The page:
Decadent Societies: A Conversation with Ross Douthat | @Baylor Mar. 5 https://t.co/PSIn5kA5I1 @DouthatNYT @BaylorOVPR @BaylorIFL @GreatTexts
.@Google Should Remove Indonesian Government App for Reporting Heresy https://t.co/zzDuORt8gH via @RFInstitute #Indonesia #religiousliberty
Congratulations to @KatherineEliseL for her new _Church History_ article on Sunday Schools and the Roles of Childh… https://t.co/nETQQ6Cjbv
The Wisdom of God Manifested in the Works of Creation https://t.co/q3CNQiOFSy Philip Jenkins via @anxious_bench @PatheosEvang
So far at pope’s anti-abuse summit, survivors are stealing the show https://t.co/UWisRQOevl @JohnLAllenJr via @Crux
Black History Month Lecture Feb. 21 - American Prophet: The Inner Life and Global Vision of Martin Luther King, Jr.… https://t.co/Y3FeK8cgmX
Mar. 5 at @Baylor - Decadent Societies: A Conversation with Ross Douthat and Alan Jacobs https://t.co/PSIn5kA5I1 @DouthatNYT
A Baptist Abolitionist Appeals to Thomas Jefferson https://t.co/GLvuVye9lI Thomas Kidd, @TGC
Call for proposals for the 2019 #BaylorSFC "The Character of the University" Learn more: https://t.co/2G80MPwRKM @BaylorIFL
The Forgotten Temple https://t.co/0fRo1pFzt5 Philip Jenkins via @anxious_bench @PatheosEvang

Juan Carlos Esparza Ochoa

Research Assistant Professor
School of Social Work & Institute for Studies of Religion
Director, Program on Religion and Latin American Studies
Institute for Studies of Religion

Email Juan Carlos Esparza Ochoa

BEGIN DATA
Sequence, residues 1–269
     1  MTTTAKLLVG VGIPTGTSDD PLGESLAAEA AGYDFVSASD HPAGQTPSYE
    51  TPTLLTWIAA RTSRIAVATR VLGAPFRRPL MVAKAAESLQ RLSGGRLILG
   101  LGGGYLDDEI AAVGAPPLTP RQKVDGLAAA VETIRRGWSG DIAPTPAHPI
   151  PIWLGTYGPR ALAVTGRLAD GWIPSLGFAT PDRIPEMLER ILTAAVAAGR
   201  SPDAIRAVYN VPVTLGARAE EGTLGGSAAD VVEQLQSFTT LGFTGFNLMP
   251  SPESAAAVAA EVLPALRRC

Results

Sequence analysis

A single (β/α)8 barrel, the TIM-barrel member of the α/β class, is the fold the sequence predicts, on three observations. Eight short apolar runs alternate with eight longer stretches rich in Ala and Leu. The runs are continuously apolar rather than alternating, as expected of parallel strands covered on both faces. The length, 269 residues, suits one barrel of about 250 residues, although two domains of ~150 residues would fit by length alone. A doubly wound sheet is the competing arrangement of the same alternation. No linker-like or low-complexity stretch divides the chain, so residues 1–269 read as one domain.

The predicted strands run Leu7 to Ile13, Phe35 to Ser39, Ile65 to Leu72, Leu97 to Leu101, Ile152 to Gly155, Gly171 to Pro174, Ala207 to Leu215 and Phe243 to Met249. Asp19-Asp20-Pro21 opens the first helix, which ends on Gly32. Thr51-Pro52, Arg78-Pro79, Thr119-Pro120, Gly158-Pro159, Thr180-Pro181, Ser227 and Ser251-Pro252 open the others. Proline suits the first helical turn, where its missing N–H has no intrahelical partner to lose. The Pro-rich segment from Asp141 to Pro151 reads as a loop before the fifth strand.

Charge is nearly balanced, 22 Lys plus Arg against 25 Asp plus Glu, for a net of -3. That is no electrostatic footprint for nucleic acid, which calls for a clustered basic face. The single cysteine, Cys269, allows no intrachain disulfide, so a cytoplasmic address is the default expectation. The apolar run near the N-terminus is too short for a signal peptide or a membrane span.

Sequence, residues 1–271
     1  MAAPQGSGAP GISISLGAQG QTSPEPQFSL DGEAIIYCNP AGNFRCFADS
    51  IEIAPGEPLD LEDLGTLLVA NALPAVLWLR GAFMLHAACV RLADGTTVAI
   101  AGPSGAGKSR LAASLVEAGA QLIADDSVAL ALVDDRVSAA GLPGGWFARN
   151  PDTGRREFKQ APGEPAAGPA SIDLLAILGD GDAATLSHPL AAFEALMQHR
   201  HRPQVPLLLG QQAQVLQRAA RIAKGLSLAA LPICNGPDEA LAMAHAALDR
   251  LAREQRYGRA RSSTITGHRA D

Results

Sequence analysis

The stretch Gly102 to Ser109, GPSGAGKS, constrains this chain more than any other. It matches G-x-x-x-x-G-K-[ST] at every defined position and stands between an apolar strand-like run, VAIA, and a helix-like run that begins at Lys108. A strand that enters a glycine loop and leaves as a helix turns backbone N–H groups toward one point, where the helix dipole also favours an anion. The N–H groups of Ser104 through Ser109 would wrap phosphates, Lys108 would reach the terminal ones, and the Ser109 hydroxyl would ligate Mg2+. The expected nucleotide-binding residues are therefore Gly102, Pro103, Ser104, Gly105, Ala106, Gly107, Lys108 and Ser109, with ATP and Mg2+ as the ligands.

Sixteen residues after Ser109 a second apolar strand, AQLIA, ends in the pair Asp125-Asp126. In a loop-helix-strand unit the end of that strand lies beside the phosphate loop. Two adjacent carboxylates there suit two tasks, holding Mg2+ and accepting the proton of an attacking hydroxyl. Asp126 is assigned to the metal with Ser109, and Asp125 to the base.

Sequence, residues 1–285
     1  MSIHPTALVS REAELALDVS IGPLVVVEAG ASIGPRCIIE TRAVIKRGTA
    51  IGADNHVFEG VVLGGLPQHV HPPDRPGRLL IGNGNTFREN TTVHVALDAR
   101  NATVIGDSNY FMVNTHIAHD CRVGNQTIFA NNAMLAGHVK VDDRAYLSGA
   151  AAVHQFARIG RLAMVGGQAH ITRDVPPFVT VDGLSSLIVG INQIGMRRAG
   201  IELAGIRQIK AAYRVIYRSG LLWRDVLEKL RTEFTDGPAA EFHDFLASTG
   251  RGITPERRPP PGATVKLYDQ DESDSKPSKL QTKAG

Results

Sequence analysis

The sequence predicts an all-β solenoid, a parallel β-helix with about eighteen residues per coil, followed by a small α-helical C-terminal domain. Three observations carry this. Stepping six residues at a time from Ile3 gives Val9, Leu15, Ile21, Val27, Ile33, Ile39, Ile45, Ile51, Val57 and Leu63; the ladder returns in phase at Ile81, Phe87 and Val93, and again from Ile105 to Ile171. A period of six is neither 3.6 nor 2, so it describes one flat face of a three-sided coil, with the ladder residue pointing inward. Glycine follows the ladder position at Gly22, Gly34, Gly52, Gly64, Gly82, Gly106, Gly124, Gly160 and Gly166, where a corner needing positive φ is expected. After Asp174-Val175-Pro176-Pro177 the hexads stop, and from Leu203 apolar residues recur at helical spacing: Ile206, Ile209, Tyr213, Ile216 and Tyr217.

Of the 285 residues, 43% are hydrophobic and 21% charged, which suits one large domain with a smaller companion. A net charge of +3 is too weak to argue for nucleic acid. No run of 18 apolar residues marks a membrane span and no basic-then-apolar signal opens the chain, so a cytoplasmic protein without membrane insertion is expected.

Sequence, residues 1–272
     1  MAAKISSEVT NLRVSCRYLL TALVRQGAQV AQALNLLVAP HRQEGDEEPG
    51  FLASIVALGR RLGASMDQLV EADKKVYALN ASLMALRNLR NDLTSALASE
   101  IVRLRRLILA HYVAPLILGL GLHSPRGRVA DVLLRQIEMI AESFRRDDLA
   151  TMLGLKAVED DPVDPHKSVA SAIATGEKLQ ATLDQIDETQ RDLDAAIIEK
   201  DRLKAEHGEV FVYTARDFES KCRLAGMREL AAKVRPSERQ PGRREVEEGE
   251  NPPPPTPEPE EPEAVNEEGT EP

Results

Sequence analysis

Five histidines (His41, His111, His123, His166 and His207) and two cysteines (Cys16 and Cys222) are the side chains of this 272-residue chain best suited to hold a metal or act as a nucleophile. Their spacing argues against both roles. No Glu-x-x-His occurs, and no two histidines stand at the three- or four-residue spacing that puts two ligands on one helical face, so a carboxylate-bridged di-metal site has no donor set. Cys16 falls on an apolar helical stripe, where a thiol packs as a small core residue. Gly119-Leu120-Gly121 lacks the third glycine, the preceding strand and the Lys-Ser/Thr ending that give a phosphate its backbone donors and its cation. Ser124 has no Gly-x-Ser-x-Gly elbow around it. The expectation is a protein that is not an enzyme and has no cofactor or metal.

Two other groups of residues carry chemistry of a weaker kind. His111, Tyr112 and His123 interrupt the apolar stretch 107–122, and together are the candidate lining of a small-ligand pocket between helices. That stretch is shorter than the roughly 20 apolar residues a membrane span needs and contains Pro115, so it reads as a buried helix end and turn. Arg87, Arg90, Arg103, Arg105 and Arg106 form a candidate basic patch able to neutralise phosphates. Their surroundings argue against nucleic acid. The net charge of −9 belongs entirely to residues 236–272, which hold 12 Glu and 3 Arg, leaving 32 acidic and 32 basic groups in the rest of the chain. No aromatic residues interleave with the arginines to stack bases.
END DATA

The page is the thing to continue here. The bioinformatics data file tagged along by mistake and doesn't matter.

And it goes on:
Juan Carlos Esparza Ochoa joined Baylor in February 2019  as Research Assistant Professor in the School of Social Work and the Director of the Program on Religion and Latin America Studies in the Institute for Studies of Religion. He has researched and taught about religion in Latin America for the past eighteen years and is co-director of the Project on Religion and Economic Change (PREC). As part of PREC, he attempts to measure the impact of Protestant and Catholic pastoral care, missionary activity, and humanitarian work on education, health, economic development, and political outcomes around the world over the past two centuries. This required developing techniques to link consistent data from diverse historical sources over such a long period of time – something that stymied previous scholarship on long-term development. As part of this project he also linked 120 years of Mexican census data to understand what factors influenced the life conditions of poor and marginalized communities over the long term. For seven years he managed data for global religious demography projects at the Pew Research Center. Prior to earning his Ph.D. in sociology from the University of Texas at Austin, he did ethnographic research about Afro-Caribbean religious movements in Cuba and worked with Mexican indigenous communities in the Sierra Papanteca, the Huasteca Potosina & the Nayar.